What does this mean for Lonesome George’s subspecies? Well, Michael Russello and colleagues found evidence of Pinta tortoise (that’s George’s subspecies) genetic material in Isabela tortoises, too. So, there might be a Pinta tortoise or two on Isabela as well. None of the genetically mixed tortoises have been identified as F1, though, so discovery of a living Pinta tortoise is a longer shot than finding a Floreana tortoise. But it will be very interesting to watch for the results of continued genetic surveys of Galapagos tortoises (most of the work is being carried out in the laboratory of Adalgisa Caccone at Yale), and keep our fingers crossed that Floreana and Pinta tortoises might turn up.
Chambers, P. 2006. A Sheltered Life: The Unexpected History of the Giant Tortoise. Oxford University Press, Oxford.
Garrick, R.C., E. Benavides, M.A. Russello, J.P. Gibbs, N. Poulakakis, K.B. Dion, C. Hyseni, B. Kajdacsi, L. Marquez, S. Bahan, C. Ciofi, W. Tapia and A. Caccone. 2012. Genetic rediscovery of an ‘extinct’ Galápagos giant tortoise species. Current Biology 22: 10-11. pdf
Gunther, A. 1902. Testudo galapagoensis Novitates Zoologicae 9:184-192. BHL
Poulakakis, N., S. Glaberman, M. Russello, L.B. Beheregaray, C. Ciofi, J.R. Powell, and A. Caccone. 2008. Historical DNA analysis reveals living descendants of an extinct species of Galapagos tortoise. Proceedings of the National Academy of Sciences 105:15464-15469. pdf (not sure if it’s open access)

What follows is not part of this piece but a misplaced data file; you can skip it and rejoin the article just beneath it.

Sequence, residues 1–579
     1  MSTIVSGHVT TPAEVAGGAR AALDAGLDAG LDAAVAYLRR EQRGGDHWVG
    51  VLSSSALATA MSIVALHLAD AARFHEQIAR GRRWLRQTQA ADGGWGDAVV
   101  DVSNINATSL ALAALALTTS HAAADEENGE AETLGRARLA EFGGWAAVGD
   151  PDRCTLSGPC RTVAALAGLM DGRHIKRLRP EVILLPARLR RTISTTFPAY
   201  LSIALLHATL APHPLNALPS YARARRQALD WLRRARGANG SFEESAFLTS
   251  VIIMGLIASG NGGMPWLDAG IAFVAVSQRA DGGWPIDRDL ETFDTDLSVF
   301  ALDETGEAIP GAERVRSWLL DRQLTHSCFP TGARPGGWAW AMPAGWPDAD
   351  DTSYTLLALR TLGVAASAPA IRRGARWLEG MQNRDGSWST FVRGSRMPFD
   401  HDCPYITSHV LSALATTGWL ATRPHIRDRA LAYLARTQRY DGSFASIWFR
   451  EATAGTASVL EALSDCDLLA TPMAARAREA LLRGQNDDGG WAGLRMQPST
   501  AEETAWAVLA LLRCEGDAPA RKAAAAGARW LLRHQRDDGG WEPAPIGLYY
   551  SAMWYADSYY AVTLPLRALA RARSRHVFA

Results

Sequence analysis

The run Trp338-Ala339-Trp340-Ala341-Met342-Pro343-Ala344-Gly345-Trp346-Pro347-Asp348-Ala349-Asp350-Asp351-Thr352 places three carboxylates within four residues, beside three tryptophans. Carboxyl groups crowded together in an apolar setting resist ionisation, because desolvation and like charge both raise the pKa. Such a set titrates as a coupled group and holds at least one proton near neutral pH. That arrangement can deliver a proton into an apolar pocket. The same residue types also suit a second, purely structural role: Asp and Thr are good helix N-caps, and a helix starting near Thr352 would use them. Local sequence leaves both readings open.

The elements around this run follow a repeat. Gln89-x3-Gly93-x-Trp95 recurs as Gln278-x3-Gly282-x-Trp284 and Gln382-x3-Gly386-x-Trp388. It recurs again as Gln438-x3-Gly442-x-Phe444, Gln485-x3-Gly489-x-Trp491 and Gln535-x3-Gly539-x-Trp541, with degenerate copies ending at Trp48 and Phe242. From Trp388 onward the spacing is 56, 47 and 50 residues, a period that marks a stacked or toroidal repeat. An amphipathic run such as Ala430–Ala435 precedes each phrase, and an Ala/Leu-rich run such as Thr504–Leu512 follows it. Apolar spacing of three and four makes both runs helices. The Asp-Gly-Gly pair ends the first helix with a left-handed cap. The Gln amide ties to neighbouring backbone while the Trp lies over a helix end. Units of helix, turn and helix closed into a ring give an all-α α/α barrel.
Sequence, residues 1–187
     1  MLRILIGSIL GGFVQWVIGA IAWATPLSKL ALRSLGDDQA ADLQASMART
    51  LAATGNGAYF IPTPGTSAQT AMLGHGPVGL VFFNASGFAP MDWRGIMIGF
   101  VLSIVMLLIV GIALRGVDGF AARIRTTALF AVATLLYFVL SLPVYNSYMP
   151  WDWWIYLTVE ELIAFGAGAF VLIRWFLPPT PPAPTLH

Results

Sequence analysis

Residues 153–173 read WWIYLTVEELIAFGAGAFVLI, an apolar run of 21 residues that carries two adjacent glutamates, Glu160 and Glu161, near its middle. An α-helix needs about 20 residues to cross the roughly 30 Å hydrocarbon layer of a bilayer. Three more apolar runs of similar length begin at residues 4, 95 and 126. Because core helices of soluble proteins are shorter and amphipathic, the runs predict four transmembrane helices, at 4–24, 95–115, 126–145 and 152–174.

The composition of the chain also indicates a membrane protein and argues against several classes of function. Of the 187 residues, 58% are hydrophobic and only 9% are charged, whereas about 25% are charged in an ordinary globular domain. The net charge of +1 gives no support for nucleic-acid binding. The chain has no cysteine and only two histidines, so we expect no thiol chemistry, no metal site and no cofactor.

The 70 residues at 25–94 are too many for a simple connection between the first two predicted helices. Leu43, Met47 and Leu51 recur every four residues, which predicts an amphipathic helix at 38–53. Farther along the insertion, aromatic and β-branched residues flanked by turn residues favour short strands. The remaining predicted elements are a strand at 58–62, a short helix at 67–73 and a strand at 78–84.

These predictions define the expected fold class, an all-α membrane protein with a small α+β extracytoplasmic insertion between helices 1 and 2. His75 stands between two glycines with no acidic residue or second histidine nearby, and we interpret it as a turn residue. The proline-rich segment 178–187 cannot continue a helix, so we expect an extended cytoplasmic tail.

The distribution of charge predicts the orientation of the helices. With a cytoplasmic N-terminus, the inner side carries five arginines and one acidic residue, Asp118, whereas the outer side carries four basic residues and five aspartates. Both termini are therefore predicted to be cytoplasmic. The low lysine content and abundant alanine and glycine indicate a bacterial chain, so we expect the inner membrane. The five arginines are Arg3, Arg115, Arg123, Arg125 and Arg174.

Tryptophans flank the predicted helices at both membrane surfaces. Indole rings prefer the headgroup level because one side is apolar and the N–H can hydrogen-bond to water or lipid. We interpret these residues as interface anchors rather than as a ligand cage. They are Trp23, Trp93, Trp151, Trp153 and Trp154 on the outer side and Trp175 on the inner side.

Russello, M.A., L.B. Beheregaray, J.P. Gibbs, T. Fritts, N. Havill, J.R. Powell and A. Caccone. 2007. Lonesome George is not alone among Galápagos tortoises. Current Biology 17: 317-318. pdf
Russello, M.A., N. Poulakakis, J.P. Gibbs, W. Tapia, E. Benavides, J.R. Powell, and A. Caccone. 2010. DNA from the past informs ex situ conservation for the future: an “extinct” species of Galápagos tortoise identified in captivity. PLoS ONE 5(1): e8683, 7 pp. pdf
Van Denburgh, J. 1914. Expedition of the California Academy of Sciences to the Galapagos Islands, 1905-1906. X. The gigantic land tortoises of the Galapagos Archipelago. Proceedings of the California Academy of Sciences (4th Ser.) 2: 203-374. pdf
This young tortoise is having a hard time getting a bite of this piece of tomato.